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Daily, snackable writings and podcasts to spur changes in thinking.
A blueprint for building a better brain by slow, consistent, daily drops of influence.
The way we think is both our greatest tool - indeed our only tool - and very often it is also our biggest leash. We are only who we think we are. Our opportunities are also limited by who other people think we are. It stands to reason that if we’d like to change who we are, we must start with an effort to change our thinking. Read more here
October 12th, 2018
In the game of emotions and thinking, how we react to the short game is our long term strategy.
If we become enraged or depressed because of some mistake or failure, then chances are very good that we will experience much rage or depression throughout the course of the long game. Mistakes and failures cannot be mitigated. They are an unavoidable and a necessary part of the feedback we get from reality.
Our short game for such feedback compounds and eventually comprises our long game.
If we can replace rage and depression with calmness and curiosity, not only will the long game be more enjoyable, but without the stunting distractions of negative emotions, we can move along more efficiently, therefore faster and eventually cover far more ground.
Practicing calmness and curiosity as the chief short game strategy eventually creates a new default that can self-perpetuate into the long term and inevitably dictate the outcome of our long game strategy.
Just as a journey of a thousand miles begins with a single step, long game might be a general direction, but short game is the mechanics of each and every step, and how we react to them.
The gift of difference between emotions and thinking is inherent in the fact that emotion is primarily a function of short game. Emotions do not last. They have little endurance and short half-lives. And while some emotions seem to perpetuate for a long time due to habitual thinking, they are riddled with cracks and gaps where we have an opportunity to introduce new thinking that can alter the habitual thinking responsible for emotions that appear perpetual and unending.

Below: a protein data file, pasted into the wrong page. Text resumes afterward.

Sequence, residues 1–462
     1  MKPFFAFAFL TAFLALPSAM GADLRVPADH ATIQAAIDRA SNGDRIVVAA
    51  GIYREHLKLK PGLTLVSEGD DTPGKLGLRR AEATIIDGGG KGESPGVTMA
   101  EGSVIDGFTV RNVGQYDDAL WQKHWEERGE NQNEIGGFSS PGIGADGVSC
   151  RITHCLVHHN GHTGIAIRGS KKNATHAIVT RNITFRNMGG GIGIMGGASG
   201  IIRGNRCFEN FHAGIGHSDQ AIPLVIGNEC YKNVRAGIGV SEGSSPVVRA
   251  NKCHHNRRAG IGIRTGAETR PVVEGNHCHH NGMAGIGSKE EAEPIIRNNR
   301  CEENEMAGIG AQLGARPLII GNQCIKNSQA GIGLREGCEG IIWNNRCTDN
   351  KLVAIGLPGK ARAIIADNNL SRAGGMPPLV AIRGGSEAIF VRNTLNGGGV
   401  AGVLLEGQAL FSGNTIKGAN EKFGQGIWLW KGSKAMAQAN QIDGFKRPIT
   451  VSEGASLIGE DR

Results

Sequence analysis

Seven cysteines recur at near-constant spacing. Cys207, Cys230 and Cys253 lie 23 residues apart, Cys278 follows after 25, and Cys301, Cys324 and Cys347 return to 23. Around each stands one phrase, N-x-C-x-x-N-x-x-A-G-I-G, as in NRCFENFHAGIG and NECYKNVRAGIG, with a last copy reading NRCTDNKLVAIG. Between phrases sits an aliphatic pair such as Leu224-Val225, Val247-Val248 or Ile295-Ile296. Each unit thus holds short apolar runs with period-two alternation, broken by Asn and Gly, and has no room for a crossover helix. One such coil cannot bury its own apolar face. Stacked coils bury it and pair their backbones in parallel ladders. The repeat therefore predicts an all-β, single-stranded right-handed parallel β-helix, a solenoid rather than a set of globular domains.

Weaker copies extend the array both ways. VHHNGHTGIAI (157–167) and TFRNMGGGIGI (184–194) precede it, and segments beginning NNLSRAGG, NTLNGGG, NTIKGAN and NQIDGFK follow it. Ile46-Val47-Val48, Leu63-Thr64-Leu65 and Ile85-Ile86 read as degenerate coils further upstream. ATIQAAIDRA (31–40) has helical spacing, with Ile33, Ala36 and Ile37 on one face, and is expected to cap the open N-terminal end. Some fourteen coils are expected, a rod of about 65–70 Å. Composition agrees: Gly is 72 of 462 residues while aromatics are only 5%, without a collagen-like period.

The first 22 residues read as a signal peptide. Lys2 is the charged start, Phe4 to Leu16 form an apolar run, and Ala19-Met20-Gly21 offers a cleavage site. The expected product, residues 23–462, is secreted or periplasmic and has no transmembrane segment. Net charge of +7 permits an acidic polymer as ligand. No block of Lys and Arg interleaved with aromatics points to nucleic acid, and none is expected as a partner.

We seek some kind of emotional experience that will forever alter who we are and how we feel, but chances are good this is a fool’s errand. We are concentrated on some external force to change us. What has a greater chance of working is seeking new concepts and thoughts that can in turn have an increasingly larger sway on the way we feel. The radical potential of a new thought is not limited to whatever dynamics such a new thought might have inside the brain with our emotional centers. A new thought can initiate new behaviors that then have a round-about effect on our emotional make up. Like going through a secret back door.
An easy example is exercise. For the overwhelming majority of people, spiking the heart rate for a little while has a huge impact on the way we feel. The idea that exercise could have this effect leads to the behavior of exercise which in turn impacts the emotions.
Meditation is another example. Studies seem unified on the statistic that positive results from daily meditation do not being to bloom until the 3rd or 4th month of meditation, so such a practice has to be initiated from a purely intellectual standpoint.
Such an enterprise shows just how many ties there are between short game and long game. The individual who begins to meditate with the long term aim of achieving greater abilities for calmness in moments of stress is playing a long game with the aim of playing a better short game, which in turn comprises an even longer long game.
Short game might become long game, but it requires a long game perspective to know how we should edit our short game.